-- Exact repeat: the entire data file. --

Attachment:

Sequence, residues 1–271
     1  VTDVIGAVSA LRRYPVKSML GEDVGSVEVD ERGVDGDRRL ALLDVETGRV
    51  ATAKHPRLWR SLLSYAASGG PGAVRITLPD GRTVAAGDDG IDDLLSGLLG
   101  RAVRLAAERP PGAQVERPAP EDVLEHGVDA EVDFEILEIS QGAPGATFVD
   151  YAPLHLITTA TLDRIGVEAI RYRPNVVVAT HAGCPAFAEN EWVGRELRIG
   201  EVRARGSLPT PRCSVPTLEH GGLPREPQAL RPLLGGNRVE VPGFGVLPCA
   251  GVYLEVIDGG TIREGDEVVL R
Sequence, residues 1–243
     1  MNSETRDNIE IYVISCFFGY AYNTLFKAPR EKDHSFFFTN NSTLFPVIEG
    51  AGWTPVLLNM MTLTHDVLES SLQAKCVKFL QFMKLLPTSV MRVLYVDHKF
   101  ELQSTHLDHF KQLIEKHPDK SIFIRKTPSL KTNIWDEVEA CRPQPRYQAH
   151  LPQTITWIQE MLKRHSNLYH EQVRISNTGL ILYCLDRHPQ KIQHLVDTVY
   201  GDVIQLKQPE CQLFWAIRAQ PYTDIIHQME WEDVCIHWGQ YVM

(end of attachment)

Sequence, residues 1–271
     1  VTDVIGAVSA LRRYPVKSML GEDVGSVEVD ERGVDGDRRL ALLDVETGRV
    51  ATAKHPRLWR SLLSYAASGG PGAVRITLPD GRTVAAGDDG IDDLLSGLLG
   101  RAVRLAAERP PGAQVERPAP EDVLEHGVDA EVDFEILEIS QGAPGATFVD
   151  YAPLHLITTA TLDRIGVEAI RYRPNVVVAT HAGCPAFAEN EWVGRELRIG
   201  EVRARGSLPT PRCSVPTLEH GGLPREPQAL RPLLGGNRVE VPGFGVLPCA
   251  GVYLEVIDGG TIREGDEVVL R
Sequence, residues 1–243
     1  MNSETRDNIE IYVISCFFGY AYNTLFKAPR EKDHSFFFTN NSTLFPVIEG
    51  AGWTPVLLNM MTLTHDVLES SLQAKCVKFL QFMKLLPTSV MRVLYVDHKF
   101  ELQSTHLDHF KQLIEKHPDK SIFIRKTPSL KTNIWDEVEA CRPQPRYQAH
   151  LPQTITWIQE MLKRHSNLYH EQVRISNTGL ILYCLDRHPQ KIQHLVDTVY
   201  GDVIQLKQPE CQLFWAIRAQ PYTDIIHQME WEDVCIHWGQ YVM